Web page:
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VENTURA COUNTY WEEKEND | JAUNTS

Restored Train Depot Rolls Out Welcome Mat

Model railroad with 500 feet of track snakes through two rooms at the refurbished facility on the edge of Santa Susana Park.

September 19, 1996|JANE HULSE | SPECIAL TO THE TIMES

You might call it the little depot that could.

It took 10 years of restoration by train buffs, but the old Santa Susana railroad depot on the outskirts of Simi Valley finally opened to the public this year.

The refurbished Santa Susana Railroad Depot and Museum is open from 1 to 4 p.m. Saturdays and Sundays. It sits at the foot of Santa Susana Pass on the edge of secluded, tree-shaded Santa Susana Park.

Set off by rugged mountains and sandstone outcroppings, it looks like Jesse James and his boys might gallop around the bend at any minute.

If your timing is right, you can stand on the platform behind the brown-trimmed two-story yellow depot as an Amtrak train blasts its whistle and roars by, the engineer giving a nod.

Old-time train lovers like Bill Rehart can tell you to the minute whether it's running late. Rehart and other members of the Santa Susana Model Railroad Club painstakingly restored the dilapidated and vandalized depot, which was built in 1903 by the Southern Pacific railroad.

They give tours of the depot and its centerpiece: a model railroad patterned after the line that ran from Los Angeles through the Santa Susana Mountains and west to Santa Paula, Oxnard and Port Hueneme.

It snakes through two rooms. Six trains can chug along its 500 feet of track at one time. The miniature towns resemble their namesakes of the early 1900s. Oxnard's sugar-beet plant is there, along with Simi Valley's walnut packing plant, water tanks and old stone quarry.

The landscape looks the same too. The track winds through the rugged, rocky Santa Susana Mountains, cruising through tunnels and over bridges. Some of the little depots, including the Santa Susana, have been built to scale by members who acquired the original depot plans from the railroad.

Tiny billboards advertise companies such as Birds Eye. The towns sport such eateries as the "Triangle Cafe." There are signs for Purina and Getty Oil, a lumberyard here, a brewery there.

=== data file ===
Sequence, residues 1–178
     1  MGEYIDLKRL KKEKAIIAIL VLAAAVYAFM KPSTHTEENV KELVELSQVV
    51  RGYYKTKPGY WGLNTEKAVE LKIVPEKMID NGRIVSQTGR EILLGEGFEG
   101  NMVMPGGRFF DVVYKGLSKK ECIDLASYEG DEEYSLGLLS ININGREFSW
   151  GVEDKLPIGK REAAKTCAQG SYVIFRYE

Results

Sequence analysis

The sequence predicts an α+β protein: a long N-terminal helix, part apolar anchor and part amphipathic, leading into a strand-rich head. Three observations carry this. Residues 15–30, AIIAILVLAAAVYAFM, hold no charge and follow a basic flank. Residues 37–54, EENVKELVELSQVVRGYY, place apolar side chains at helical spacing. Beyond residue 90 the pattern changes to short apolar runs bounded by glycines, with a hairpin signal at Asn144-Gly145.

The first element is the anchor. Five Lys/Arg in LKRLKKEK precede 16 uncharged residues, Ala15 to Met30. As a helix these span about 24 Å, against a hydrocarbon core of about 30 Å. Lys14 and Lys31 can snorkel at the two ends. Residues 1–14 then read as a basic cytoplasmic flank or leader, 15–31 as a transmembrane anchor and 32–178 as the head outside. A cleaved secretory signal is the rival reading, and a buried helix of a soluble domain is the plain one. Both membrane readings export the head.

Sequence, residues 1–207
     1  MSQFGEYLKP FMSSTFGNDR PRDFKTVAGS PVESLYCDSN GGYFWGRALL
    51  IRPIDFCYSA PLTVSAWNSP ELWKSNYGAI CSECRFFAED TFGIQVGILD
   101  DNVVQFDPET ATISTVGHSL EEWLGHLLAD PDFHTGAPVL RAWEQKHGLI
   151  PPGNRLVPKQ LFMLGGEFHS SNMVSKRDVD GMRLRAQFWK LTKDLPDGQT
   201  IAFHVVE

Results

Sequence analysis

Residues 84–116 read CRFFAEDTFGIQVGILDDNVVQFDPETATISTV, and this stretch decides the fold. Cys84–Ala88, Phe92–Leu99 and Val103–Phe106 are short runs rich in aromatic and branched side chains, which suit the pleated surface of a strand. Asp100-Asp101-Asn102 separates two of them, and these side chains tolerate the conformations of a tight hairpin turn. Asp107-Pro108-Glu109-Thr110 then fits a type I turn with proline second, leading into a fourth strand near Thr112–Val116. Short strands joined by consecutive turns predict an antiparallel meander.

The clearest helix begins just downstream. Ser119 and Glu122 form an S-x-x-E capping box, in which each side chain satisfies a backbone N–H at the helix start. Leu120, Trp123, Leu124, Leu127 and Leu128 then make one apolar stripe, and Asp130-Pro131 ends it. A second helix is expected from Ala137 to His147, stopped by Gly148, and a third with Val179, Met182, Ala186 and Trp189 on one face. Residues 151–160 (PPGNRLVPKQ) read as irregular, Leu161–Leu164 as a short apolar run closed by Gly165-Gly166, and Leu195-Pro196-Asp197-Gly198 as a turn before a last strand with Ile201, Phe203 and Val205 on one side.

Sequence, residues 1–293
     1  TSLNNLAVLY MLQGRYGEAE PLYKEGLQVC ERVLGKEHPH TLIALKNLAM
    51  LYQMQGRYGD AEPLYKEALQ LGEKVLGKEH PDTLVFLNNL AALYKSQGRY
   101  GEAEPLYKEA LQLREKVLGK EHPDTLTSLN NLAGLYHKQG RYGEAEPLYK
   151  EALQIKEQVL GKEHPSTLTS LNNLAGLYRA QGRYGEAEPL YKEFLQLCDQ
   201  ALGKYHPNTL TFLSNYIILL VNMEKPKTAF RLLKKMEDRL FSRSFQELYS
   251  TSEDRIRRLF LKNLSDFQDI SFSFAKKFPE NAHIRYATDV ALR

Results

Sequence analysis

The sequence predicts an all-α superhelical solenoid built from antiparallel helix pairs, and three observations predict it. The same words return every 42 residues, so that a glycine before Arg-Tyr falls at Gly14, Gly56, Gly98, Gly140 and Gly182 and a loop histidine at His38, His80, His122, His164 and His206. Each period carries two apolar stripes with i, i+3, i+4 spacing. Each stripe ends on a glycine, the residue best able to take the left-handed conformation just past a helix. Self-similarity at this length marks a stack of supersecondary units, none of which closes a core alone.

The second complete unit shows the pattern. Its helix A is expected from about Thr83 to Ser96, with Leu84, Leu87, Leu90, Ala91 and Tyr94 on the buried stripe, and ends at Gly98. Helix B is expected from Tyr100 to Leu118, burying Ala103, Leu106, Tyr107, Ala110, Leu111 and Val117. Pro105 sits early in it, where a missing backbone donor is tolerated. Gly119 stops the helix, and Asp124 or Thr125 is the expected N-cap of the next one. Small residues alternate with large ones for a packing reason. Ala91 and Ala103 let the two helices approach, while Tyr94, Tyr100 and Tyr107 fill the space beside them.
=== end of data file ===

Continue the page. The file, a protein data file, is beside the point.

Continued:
The model's terrain is dotted with trees, most of them handmade--mostly by members--from plants such as sagebrush. Even the lemon and orange trees sport colored fruit made from tiny sugar granules.

The sugar-laden trees represent only one of the headaches members encountered during their decade-long project.

"On two occasions, rats came in and completely destroyed them," Rehart said.

The model railroad is crammed into the two-room space, so the club has begun building a much bigger model in a larger part of the depot. If you visit, you'll see them laying out track and contouring the terrain.

When it's done, it will take 40 minutes for a train to complete the winding route. From a raised room with a control panel, members can operate their trains, most of them from the 1940s and 1950s.

"We're all kids, big and small," said Adam Rose, an adult member of the club whose participants range in age from 11 to 88.

This is no casual pastime. An intricate brass engine can cost $65 to $3,000. Many of the trains they run are replicas of those that sped through Simi Valley and out to the coast during the railroad's heyday.

Back then, the Santa Susana depot stood at Los Angeles Avenue and Tapo Street. Built with redwood lumber, it was shipped from Northern California in assembled sections and put together here. It was a standard design, similar to more than 40 others in California.

Inside the waiting room, a potbellied stove warmed travelers and workers. Farmers shipped walnuts, citrus and turkeys. The station agent lived upstairs in an apartment.

The depot hummed with activity until 1964, when the Southern Pacific shut it down. Then, when Los Angeles Avenue was widened in 1975, the Rancho Simi Recreation and Park District bought the depot for the grand sum of $1.06 and moved it to its present location at the east end of town.

"There was a clamor of people to save it," Rehart said. "It's one of the few historical buildings in the [Simi] valley."

But the depot languished at its new home for years. Paint peeled, vandals broke windows, and a fire burned the upstairs apartment.

Then the 40-member club rescued it. Members sweated away Wednesday nights and Saturday mornings restoring the interior, adding restrooms and an elevator. A grant from the California Department of Transportation and fund-raising helped finish repairs.

A huge circular Southern Pacific emblem, made of brick, graces the entrance to the depot. On the platform, turn-of-century lamps and benches give it a quaint feel.

The depot, still owned by the district, opened last January, but the work goes on. Eventually the station manager's office and waiting room will serve as a museum for artifacts that club members have rounded up. Among them are the depot's original signs--complete with a misspelling, "Santa Susanna," on one of them.

DETAILS

* WHAT: Santa Susana Railroad Depot and Museum.

* WHERE: 6503 Katherine Road, Simi Valley, in Santa Susana Park.

* WHEN: Open 1 to 4 p.m. Saturdays and Sundays.

* HOW MUCH: Free.

* CALL: 581-3462.

* FYI: Santa Susana Model Railroad Club and the Rancho Simi Foundation will hold a model railroad swap meet from 7 to 11 a.m. Sept. 28 at Santa Susana Park. Admission $1; under 10 free.

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